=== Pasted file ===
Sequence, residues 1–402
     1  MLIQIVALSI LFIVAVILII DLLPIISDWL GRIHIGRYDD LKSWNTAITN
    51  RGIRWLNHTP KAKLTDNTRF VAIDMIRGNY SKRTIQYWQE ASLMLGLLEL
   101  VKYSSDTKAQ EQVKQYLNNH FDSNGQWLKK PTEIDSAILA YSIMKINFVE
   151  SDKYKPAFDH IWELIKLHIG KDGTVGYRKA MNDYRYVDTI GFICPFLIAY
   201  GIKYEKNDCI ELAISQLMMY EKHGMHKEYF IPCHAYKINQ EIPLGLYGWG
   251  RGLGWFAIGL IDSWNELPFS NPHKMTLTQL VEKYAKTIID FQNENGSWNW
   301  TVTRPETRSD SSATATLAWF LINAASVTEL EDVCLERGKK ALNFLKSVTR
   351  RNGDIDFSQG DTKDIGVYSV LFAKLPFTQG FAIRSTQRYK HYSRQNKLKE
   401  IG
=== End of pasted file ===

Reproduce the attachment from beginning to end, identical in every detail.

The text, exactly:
Sequence, residues 1–402
     1  MLIQIVALSI LFIVAVILII DLLPIISDWL GRIHIGRYDD LKSWNTAITN
    51  RGIRWLNHTP KAKLTDNTRF VAIDMIRGNY SKRTIQYWQE ASLMLGLLEL
   101  VKYSSDTKAQ EQVKQYLNNH FDSNGQWLKK PTEIDSAILA YSIMKINFVE
   151  SDKYKPAFDH IWELIKLHIG KDGTVGYRKA MNDYRYVDTI GFICPFLIAY
   201  GIKYEKNDCI ELAISQLMMY EKHGMHKEYF IPCHAYKINQ EIPLGLYGWG
   251  RGLGWFAIGL IDSWNELPFS NPHKMTLTQL VEKYAKTIID FQNENGSWNW
   301  TVTRPETRSD SSATATLAWF LINAASVTEL EDVCLERGKK ALNFLKSVTR
   351  RNGDIDFSQG DTKDIGVYSV LFAKLPFTQG FAIRSTQRYK HYSRQNKLKE
   401  IG